When forcing water through the filter becomes difficult, even for Jost, the filter is removed from the syringe, loaded with a preservative, and then shipped to the lab for sequencing.

Other suspended material, including algae, bacteria, and debris, can influence water clarity and make a lake appear green or murky. Water clarity can be monitored by slowly lowering a black and white secchi disk vertically into the water until it can no longer be seen. The greater the depth of disappearance the clearer the water and clear water is an indication of a healthy aquatic ecosystem.

How to use a secchi disk to measure water clarity (image from

Today West Hill Pond's water clarity was exceptionally good, with a secchi depth of over 5 meters. Last time I visited the Snieckuses, however, they had a suspicious looking algal bloom at the surface. I used my empty latte glass to scooped up a water sample in order to examine it under the microscope and discovered it contained some potentially harmful cyanobacteria, also called Harmful Algal Blooms, or HABs (below). Cyanobacteria are present in almost all water bodies and can lurk at depth until conditions become favorable at or near the surface. They then become buoyant in order to take advantage of good surface conditions. This can occur after a rainstorm, for example, when runoff from land provides a nutrient pulse to a lake or pond. Often these blooms are harmless and conditions return to normal quickly, but if conditions persist cyanobacteria can produce toxins that are harmful to animals, including dogs and humans.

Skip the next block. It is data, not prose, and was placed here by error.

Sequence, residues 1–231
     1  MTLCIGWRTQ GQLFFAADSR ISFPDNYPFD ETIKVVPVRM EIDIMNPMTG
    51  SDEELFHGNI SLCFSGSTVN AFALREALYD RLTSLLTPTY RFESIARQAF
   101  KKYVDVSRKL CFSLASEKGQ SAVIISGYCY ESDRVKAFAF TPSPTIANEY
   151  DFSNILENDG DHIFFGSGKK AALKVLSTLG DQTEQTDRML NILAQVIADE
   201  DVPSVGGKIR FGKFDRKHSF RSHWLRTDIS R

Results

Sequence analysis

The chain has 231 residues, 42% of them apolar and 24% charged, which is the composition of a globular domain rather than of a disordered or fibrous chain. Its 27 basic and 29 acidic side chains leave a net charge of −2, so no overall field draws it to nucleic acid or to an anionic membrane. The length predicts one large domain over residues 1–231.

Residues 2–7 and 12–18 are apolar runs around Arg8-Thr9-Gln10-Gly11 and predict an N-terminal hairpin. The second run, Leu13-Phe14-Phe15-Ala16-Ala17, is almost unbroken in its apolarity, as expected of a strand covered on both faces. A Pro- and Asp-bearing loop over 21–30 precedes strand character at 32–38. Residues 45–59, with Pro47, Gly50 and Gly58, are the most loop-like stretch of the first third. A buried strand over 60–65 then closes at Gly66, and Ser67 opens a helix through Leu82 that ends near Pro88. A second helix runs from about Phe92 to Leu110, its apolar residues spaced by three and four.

Cyanobacteria (probably Dolichospremum lemmermannii) from West Hill Pond as viewed under the microscope.

We used multiple analytical probes to further assess water quality at the water surface and at 5 meter depth using the depth sampler (shown below).

Depth sampler ready for action.

This depth sampler is a variation on the classic Van Dorn water sampler. The clever design, using what looks like two wiffle balls, a hitch pin, and bungees, allows the open PVC tube to descend through the water column to a desired depth. Once at that depth, a good yank on the line pulls the hitch pin out, triggering the wiffle balls to seal both ends of the PVC tube, effectively trapping the subsurface water inside the tube.

Using a multi-probe and an oxygen probe to test water quality from 5 m depth.

We tested a water sample collected at 5m depth using a multi-probe meter, which measures temperature, pH, conductivity, and suspended solids, and an optical dissolved oxygen probe, which measures oxygen concentration in mg/L.

Conductivity reading of 60 uS/cm indicates low cation concentration, an indicator of low nutrient load.

Water Quality Results: No sign of HABs today and all water quality measurements taken at the surface and at depth indicated a healthy aquatic ecosystem for West Hill Pond. We'll need to be patient to discover which fish species are present in our eDNA samples because sequencing DNA takes time. However, I'll provide an update as soon as the data are in!

Special thanks to Emily and her friend for photo documenting our Science Cruise.